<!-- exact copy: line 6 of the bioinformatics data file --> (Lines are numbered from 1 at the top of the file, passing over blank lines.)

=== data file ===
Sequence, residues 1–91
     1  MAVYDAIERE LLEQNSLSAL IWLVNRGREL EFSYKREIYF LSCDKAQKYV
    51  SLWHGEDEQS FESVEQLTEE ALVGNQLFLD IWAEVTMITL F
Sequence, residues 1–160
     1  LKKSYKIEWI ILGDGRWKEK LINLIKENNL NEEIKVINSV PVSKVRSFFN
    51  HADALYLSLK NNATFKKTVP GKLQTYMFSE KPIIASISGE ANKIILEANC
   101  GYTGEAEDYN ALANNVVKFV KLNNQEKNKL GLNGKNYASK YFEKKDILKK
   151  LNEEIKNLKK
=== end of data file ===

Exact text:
    51  HADALYLSLK NNATFKKTVP GKLQTYMFSE KPIIASISGE ANKIILEANC